Notorious paedophile Maurice Van Ryn is experiencing "absolute hell" during his time behind bars and media focus on his years of abusing multiple children is "causing issues" for him his lawyers tell us.
Well, what can one say to that...
More galling for those of us on the other side of the bars is the seemingly haphazard and inadequate sentencing being applied to one of the most heinous crimes many could imagine.
In 2015, Van Ryn pleaded guilty and was convicted of 17 child sex offences committed against nine victims over an 11 year period from 2003 to 2014. At the time, District Court judge Clive Jeffreys imposed a maximum sentence of 13 years' jail with a non-parole period of seven years.
"An affront to the administration of justice" was how the NSW Court of Criminal Appeal referred to that judgement, increasing the sentence to a minimum 13 years and six months without parole.
Still not as long as many hoped, but better.
So we had a confessed and convicted paedophile behind bars the equivalent of just 18 months for each child abused and the possibility of him released before some of them turn 18.
Late last year a further victim came forward and again Van Ryn entered a guilty plea. This time he was hit with an additional nine years' imprisonment.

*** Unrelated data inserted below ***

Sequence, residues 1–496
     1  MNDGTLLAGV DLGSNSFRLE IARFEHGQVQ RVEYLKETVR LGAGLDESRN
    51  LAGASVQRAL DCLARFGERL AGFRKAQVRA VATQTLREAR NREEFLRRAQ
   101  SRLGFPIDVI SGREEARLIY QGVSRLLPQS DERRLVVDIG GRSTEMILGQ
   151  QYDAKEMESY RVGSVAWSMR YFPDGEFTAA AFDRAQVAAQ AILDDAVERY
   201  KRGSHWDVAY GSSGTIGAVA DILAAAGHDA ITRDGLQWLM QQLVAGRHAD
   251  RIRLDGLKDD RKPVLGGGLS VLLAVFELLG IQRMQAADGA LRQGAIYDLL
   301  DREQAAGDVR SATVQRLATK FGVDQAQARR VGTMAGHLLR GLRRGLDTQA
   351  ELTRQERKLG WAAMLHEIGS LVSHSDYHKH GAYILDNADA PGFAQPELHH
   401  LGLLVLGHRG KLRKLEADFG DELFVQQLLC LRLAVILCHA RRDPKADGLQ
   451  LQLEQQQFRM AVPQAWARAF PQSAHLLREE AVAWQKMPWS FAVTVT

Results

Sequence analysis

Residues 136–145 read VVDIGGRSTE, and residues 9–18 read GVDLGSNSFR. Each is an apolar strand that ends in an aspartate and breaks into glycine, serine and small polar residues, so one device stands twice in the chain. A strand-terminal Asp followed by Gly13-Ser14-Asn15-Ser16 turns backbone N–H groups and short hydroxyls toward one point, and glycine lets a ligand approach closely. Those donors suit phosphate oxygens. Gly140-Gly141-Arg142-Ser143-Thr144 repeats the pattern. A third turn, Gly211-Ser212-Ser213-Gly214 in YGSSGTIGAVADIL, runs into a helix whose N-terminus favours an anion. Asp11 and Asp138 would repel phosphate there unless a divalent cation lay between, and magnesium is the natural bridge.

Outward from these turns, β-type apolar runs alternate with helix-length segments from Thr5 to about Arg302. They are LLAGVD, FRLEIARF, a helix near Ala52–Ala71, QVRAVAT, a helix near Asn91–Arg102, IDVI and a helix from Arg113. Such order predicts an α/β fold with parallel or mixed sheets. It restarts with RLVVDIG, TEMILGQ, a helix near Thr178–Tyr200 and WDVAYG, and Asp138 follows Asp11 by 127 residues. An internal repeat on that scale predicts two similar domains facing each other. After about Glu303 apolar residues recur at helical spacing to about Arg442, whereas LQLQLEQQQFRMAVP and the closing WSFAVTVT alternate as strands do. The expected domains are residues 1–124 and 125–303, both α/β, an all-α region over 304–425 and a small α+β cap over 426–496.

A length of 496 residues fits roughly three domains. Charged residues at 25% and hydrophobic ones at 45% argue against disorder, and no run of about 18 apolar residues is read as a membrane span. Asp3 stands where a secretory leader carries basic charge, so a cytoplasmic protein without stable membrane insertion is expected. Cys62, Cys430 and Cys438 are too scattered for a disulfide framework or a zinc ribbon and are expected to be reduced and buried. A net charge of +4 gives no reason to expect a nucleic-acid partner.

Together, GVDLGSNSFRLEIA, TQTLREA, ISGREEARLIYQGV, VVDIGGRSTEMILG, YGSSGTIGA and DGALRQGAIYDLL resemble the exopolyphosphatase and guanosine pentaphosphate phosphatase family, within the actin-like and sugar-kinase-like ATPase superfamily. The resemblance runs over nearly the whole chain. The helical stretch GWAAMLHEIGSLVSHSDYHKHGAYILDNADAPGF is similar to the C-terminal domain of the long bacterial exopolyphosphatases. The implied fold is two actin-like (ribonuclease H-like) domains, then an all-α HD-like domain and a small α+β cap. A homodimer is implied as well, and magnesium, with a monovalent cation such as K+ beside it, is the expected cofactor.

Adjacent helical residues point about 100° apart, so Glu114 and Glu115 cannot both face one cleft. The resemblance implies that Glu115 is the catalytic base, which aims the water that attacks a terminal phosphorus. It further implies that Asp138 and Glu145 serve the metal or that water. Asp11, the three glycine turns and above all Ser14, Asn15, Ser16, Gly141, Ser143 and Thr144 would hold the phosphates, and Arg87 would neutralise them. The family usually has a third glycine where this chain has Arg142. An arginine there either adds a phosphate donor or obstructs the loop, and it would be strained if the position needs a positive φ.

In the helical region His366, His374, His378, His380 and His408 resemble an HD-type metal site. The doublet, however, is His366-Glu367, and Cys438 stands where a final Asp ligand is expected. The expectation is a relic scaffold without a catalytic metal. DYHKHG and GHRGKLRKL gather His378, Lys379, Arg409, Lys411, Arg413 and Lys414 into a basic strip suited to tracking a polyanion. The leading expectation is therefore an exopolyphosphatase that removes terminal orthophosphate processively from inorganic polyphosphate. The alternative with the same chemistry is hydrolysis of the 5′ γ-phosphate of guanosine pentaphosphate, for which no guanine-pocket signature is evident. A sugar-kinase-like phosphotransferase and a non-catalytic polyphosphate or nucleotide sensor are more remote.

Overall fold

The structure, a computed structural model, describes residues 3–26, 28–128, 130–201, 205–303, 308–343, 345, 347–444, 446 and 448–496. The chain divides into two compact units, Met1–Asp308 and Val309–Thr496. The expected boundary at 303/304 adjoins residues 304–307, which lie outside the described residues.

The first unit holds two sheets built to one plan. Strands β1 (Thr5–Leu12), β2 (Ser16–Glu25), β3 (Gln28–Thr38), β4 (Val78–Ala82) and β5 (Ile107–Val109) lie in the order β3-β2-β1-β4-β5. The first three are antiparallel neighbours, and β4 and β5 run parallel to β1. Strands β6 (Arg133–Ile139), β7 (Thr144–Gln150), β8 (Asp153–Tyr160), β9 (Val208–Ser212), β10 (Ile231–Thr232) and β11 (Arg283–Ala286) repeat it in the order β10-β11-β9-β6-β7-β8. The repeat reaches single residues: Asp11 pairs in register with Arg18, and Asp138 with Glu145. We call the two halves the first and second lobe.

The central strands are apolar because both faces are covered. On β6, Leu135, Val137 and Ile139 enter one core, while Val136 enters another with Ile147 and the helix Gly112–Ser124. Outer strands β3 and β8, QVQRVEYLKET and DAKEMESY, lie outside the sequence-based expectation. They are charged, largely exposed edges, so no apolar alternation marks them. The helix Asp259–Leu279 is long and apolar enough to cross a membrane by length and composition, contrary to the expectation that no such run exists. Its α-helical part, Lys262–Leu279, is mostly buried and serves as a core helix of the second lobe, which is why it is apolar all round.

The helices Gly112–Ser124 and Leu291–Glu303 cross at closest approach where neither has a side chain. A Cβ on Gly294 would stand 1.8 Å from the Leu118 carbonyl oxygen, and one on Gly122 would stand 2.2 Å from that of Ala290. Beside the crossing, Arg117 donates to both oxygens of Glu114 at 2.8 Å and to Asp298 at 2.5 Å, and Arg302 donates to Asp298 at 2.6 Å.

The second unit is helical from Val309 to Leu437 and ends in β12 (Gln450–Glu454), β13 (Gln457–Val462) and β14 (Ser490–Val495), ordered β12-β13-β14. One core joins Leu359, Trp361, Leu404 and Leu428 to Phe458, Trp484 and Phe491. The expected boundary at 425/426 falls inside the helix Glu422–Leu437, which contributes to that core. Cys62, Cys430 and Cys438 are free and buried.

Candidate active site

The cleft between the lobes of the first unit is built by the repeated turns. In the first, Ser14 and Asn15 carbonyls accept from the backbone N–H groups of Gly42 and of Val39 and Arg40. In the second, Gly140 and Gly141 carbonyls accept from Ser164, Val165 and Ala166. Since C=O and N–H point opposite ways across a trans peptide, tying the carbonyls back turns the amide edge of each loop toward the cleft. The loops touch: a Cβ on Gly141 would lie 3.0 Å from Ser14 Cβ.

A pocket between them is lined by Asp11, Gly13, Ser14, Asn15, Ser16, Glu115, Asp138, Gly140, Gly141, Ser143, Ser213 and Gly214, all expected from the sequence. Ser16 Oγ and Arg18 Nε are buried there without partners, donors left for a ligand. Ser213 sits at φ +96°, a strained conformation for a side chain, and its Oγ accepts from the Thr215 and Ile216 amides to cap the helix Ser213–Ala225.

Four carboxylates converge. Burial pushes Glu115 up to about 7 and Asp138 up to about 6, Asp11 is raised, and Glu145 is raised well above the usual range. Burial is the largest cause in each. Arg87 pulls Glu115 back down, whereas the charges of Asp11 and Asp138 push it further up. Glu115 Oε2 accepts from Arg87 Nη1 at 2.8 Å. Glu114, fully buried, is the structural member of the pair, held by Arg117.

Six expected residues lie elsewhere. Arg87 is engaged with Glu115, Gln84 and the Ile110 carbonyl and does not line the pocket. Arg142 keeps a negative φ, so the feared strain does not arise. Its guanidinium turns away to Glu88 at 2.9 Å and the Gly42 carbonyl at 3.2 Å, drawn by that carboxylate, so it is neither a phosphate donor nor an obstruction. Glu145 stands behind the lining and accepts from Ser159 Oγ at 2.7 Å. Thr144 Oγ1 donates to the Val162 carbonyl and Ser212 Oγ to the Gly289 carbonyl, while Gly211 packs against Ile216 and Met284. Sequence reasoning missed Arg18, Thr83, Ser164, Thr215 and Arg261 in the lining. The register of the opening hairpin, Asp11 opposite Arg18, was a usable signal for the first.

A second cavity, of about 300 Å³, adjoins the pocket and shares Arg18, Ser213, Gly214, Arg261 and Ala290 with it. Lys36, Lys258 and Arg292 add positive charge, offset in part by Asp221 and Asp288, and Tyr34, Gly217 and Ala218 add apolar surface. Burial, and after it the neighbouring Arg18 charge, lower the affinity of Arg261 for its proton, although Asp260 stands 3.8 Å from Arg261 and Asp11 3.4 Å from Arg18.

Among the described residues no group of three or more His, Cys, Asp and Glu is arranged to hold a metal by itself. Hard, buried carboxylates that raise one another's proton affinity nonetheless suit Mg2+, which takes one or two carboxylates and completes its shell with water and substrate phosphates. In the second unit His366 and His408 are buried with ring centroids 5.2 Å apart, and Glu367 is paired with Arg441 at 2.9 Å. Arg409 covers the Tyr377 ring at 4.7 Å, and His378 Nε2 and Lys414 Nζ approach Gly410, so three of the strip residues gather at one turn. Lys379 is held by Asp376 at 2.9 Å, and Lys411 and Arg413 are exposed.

Thirteen-and-a-half years for nine victims - nine years for one? Not in any way suggesting this recent verdict is too harsh, far from it, but something seems unbalanced.
However, the non-parole period was only extended by 12 months beyond what has already been imposed.
While it might be thought unlikely an abhorrent criminal such as Van Ryn could be considered for parole, do we take that as boiling down to a mere 12 months' prison for this latest verdict regarding aggravated sexual intercourse with a child?
It wasn't until the turn of the century that courts took notice of community concerns over the long-term psychological effects on victims of this kind of offending, and changes such as standard non-parole periods brought in.
Still, it was a battle by the families to have Van Ryn's first sentence made more appropriate, not just in the eyes of the public but also, as the appeals court found, in the eyes of justice itself.
It seems we still have a long way to go until we get it right.